Sail Knowledgebase

Installing a Postfix SMTP Relay for WordPress with Sail

This guide will demonstrate how to use the postfix.yaml blueprint for Sail to install and configure a Postfix SMTP relay.

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Why use an SMTP relay?

Using a third-party SMTP service will significantly improve the chance of your e-mail landing in the recipient's inbox. These services will handle (for a small fee) delivery, abuse, spam, bounces, retries and all the other e-mail related things, which most hosting providers will not want to deal with.

You can send e-mails through a third-party SMTP service in WordPress by using a free or paid plugin, however we do NOT recommend that for performance reasons.

Instead, we recommend using a local SMTP relay. This will prevent WordPress from performing external connections, and instead handle queueing of e-mail messages locally, then let the relay software deliver these messages to your SMTP service.

Sail makes this incredibly easy to set up.

Get your SMTP credentials

You'll need to have your SMTP credentials ready before continuing. If you're looking for a third-party SMTP service, here's a list of ones we tested with Sail:

Find your SMTP username, SMTP password, SMTP host and SMTP port (usually 587). You will use these in the next step.

Install and configure Postfix

To install and configure a Postfix SMTP relay with Sail, run:

sail blueprint postfix.yaml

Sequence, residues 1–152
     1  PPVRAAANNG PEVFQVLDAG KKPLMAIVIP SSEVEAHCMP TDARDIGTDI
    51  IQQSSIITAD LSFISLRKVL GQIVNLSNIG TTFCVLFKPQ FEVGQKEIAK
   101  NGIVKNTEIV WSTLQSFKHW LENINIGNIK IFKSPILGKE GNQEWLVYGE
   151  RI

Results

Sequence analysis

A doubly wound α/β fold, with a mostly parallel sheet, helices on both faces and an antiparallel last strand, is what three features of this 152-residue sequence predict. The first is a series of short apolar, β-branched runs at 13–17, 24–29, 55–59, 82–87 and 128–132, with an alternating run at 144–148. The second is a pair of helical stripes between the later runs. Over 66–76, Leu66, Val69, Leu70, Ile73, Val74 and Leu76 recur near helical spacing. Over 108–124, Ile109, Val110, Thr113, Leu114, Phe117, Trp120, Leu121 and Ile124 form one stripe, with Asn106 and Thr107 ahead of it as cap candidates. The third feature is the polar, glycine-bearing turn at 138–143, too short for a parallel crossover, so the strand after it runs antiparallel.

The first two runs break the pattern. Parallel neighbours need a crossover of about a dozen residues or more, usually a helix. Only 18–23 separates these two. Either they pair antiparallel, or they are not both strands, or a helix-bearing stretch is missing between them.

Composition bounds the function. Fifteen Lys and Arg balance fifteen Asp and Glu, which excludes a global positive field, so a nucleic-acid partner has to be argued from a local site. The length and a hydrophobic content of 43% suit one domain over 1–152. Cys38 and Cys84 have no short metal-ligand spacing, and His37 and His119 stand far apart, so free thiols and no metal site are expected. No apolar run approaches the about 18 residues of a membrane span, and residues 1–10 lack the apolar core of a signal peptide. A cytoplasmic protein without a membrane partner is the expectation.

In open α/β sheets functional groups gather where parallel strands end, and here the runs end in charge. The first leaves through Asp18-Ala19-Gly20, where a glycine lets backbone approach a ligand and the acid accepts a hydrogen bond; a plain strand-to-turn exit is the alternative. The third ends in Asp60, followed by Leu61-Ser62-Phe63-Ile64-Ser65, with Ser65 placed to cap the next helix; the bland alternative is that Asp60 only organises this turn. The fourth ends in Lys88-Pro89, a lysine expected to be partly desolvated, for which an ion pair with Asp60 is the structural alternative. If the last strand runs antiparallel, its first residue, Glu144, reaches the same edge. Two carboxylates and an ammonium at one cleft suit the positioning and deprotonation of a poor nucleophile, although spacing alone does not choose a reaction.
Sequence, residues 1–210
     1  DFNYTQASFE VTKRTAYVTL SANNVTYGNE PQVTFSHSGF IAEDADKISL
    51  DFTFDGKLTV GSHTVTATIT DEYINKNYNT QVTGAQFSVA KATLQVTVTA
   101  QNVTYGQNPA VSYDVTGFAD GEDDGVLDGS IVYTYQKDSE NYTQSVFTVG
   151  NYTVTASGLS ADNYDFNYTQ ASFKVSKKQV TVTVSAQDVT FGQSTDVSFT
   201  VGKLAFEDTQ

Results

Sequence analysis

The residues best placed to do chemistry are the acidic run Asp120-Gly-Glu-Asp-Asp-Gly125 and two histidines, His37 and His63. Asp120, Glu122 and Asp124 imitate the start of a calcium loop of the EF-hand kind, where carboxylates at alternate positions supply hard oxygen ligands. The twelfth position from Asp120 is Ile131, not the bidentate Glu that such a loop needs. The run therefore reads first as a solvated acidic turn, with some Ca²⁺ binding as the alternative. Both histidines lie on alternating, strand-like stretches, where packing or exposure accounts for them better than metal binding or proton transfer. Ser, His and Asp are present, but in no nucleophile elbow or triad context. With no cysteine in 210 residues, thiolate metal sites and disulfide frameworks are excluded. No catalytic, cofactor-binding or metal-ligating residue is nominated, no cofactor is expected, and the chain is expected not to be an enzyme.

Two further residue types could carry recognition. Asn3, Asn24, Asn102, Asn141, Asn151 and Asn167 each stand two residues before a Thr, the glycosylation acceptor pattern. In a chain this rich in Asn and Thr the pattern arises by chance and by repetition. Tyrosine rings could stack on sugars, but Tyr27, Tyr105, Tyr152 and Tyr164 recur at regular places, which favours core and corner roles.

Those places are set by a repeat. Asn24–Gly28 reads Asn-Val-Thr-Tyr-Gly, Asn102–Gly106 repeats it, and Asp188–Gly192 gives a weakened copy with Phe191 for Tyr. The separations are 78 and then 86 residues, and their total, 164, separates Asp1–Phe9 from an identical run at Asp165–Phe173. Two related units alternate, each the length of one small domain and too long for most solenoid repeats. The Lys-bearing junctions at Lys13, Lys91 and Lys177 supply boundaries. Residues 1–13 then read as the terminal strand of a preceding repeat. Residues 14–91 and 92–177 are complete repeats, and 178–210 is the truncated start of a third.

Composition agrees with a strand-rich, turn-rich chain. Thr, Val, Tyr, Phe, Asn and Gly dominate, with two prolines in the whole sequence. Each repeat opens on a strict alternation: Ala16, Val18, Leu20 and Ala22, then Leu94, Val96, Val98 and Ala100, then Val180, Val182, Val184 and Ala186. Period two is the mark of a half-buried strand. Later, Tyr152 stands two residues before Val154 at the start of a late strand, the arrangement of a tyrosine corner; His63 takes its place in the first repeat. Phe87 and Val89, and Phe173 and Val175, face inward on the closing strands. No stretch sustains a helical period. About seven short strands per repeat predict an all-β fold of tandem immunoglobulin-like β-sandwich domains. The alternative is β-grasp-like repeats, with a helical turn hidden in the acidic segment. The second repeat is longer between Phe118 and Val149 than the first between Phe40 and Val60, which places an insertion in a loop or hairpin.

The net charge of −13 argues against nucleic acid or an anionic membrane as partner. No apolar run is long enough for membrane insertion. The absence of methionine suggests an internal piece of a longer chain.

The blueprint will prompt for your SMTP credentials, or you can provide them on the command line with:

  • --smtp-username - your SMTP username
  • --smtp-password - the SMTP password
  • --smtp-host - the hostname of the third-party SMTP service
  • --smtp-port - the SMTP port it's listening on, usually 587

There are two additional configuration variables, related to WordPress:

  • --from-name - the default name for the From header for outgoing mail in WordPress
  • --from-email - the default outgoing e-mail address for the same From header

After the blueprint is applied successfully, you can test delivery.

Send a test e-mail

A test e-mail can be sent with a WP-CLI shell:

$ sail wp shell
wp> wp_mail( 'your@email.address', 'Test from Sail', 'The body' );
=> bool(true)

If the message has not reached your inbox, try checking your spam folder, the Sail mail logs with sail logs --postfix, or the logs at your third-party SMTP provider.

For help with configuring e-mail with Sail, visit our getting help section.